Among the most notable results of COP26 was the Global Goal on Adaptation. Suppose we are to gather and evaluate our progress toward strengthening resilience and aiding the most vulnerable communities. COP27 must accomplish crucial progress in that case and encourage all parties to exhibit the required political commitment.

COP 27 should see an improved policy strategy for adaptation, reinforcing what we agreed on in Paris and further defined in the Glasgow agreement in terms of putting adaptation at the heart of global action.

3. Finance

It is imperative that we make considerable development on the significant challenge of climate finance during COP 27 while pushing ahead on all financial planning and analysis matters.

Climate finance must be efficient and dependable to meet the Paris Agreement’s climate obligations. More transparency of financial flows and increased access are needed to meet the needs of developing nations, notably Africa, LDCs, and SIDS.

Progress on delivering the yearly USD 100 billion would foster more confidence between rich and developing countries by demonstrating that genuine promises are being met.

4. Collaboration 

Improving and promoting consensus in discussions is critical for COP 27 to accomplish meaningful outcomes in a balanced way. Expanding collaborative relationships will help us achieve our four goals and ensure that society adopts a much more secure and sustainable economic framework in which humanity is at the heart of climate negotiations.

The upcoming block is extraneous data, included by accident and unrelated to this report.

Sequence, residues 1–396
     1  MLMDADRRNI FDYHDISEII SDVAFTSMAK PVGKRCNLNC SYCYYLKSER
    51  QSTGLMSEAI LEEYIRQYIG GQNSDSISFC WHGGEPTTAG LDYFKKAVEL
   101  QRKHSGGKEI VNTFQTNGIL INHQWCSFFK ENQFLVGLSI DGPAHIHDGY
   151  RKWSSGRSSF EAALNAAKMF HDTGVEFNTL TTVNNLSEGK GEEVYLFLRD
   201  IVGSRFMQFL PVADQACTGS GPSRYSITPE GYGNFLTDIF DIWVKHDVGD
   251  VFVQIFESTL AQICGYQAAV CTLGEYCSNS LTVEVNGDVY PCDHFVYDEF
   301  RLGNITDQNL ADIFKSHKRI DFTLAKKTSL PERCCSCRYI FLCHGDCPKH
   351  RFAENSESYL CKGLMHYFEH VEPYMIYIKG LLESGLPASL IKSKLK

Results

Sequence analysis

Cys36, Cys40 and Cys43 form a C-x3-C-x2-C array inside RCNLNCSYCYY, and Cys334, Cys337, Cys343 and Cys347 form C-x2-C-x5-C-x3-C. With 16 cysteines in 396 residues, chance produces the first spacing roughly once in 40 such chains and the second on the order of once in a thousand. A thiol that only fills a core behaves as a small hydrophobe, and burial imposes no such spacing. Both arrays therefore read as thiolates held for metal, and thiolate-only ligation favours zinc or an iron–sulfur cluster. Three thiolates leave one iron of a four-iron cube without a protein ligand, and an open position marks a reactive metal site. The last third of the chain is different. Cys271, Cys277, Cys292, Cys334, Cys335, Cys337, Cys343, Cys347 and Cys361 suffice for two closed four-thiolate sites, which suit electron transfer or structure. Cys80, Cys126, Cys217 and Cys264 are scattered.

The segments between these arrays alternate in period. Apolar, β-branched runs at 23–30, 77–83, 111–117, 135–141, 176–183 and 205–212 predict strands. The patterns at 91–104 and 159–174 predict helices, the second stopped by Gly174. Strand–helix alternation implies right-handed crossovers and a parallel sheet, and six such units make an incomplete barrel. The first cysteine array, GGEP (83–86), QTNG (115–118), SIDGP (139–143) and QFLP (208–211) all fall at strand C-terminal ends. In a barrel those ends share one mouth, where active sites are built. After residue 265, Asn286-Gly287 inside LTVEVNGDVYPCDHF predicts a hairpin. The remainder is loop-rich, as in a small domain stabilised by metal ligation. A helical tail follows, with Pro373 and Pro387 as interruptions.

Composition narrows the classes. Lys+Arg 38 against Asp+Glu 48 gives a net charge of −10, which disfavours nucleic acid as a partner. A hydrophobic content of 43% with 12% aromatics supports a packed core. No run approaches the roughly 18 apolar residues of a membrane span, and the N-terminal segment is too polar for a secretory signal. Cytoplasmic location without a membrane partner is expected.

We must bring innovative ideas and technologies to assist in mitigating the negative effects of climate change.

5. Loss and Damage

The countries most vulnerable to the effects of climate change are mainly developing countries that have contributed much less to the current climate emergency and are therefore calling for a loss and damage mechanism that channels specific funding.

Action to clarify support for loss and damage, with the increasing impacts of more frequent extreme weather events and speeding slow onset events, it is time to respond to the calls and needs for an effective mechanism that delivers on the requirements for action and support in particular for those who are most vulnerable to the climate change impacts.

The primary areas that must be addressed to achieve COP 27’s objective are as follows:

COP 27’s primary objectives

1. Climate adaptation

Climate change’s negative consequences are growing more prevalent. The most deprived areas, which are the lowest contributors to climate change and have the fewest resources to deal with its consequences, will remain on the front lines.